The point of all this is that I took the chance to run my Exotek with the 103 front end and tires, and my F103. At my home track, which remains fairly high traction most of the time, these cars produce almost identical lap times. The F103 is actually a fiberglass chassis car that started as a 15th anniversary. The fiberglass chassis seems to be hooked up in most situations however.

I ran the Exotek a few times, as I really like the car. I think since it's a bit longer than a standard F103, it is easier to drive most of the time. The track was still throwing off a lot of fuzz, and didn't have a ton of traction built up yet. It also was in a building that was about 100 years old, having a board floor vs. plywood. The floor was not in bad shape, but it was not perfectly smooth, so the pan cars chattered around a bit. The problem I was having was that the car would want to slide or wash out on 2 left hand turns. I wasn't sure if it was tweak or the floor. It also would sort of bind up if you used too much wheel input in the right hand sweeper at the end of the straight. It felt like it was either lifting a front wheel or rolling the chassis over too far. Kind of weird. This was probably from being too light on the side shock and center shock dampening. I was using CRC red side springs as well, which may have been too heavy. I changed dampening to 50 wt for both side and main shocks.

It got better and cut down on the chattering. It still wanted to slide a bit on the lefts. I also went to the medium gold front spring as well so the car let thr front end roll a bit more. Overall, the car wasn't bad, but it was a bit blah and not really fast.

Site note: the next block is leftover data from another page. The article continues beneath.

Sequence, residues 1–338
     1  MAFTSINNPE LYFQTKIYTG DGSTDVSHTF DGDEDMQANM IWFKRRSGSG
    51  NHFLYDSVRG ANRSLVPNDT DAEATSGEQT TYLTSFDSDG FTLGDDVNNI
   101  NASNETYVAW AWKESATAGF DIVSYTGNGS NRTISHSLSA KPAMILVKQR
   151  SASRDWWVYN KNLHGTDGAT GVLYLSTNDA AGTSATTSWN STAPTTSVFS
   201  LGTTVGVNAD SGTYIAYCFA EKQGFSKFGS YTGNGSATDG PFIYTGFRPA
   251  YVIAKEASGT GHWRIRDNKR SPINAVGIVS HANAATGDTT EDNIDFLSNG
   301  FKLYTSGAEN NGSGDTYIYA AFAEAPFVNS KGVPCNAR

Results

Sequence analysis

I also ran the F103, which wound up being very good. This did surprise me a bit, but I have had a similar situation last year where the fiberglass chassis/long fiberglass upper deck was the hot ticket. It just seems that the extra flex seals the deal in lower traction. I actually used the same set of tires on the F103 as the Exotek. I actually did not change anything from my home track except to loosen the t bar a bit. One difference with the F103 is that it's fairly heavily dampened, so i could have possibly gone even higher on the Exotek car. The 103 car did slide a bit in the same corners as the Exotek, but it was better. In the main, the 103 ran about 3/4 of a lap off of the 1/12 17.5 open speedo car's time. I could also see he did have a h.p. advantage over the silvercan, so that actually was a pretty good result.

As far as the Exotek, what could I have done to get it working? I think a lighter side spring would have been better. Stiffer side to side dampening as well. I think it was skipping around as bit due to the floor. I would have wanted to go heavier dampening just to slow the roll in the sweeper and other corners as well. Maybe even o rings under the upper deck screws that attach to the servo mount. I wish I had more time, but I was running 3 classes, so I just put the car on the track that worked the best. That is the beauty part of a basic 103, you don't really even need all the optional parts. A motor mount, a shock, and a long upper deck and you should be good at most tracks.

Speaking of which, here's how the 103 upper decks play out-
Long carbon upper deck- definitely has most response/steering, but may be too stiff if there is not enough traction.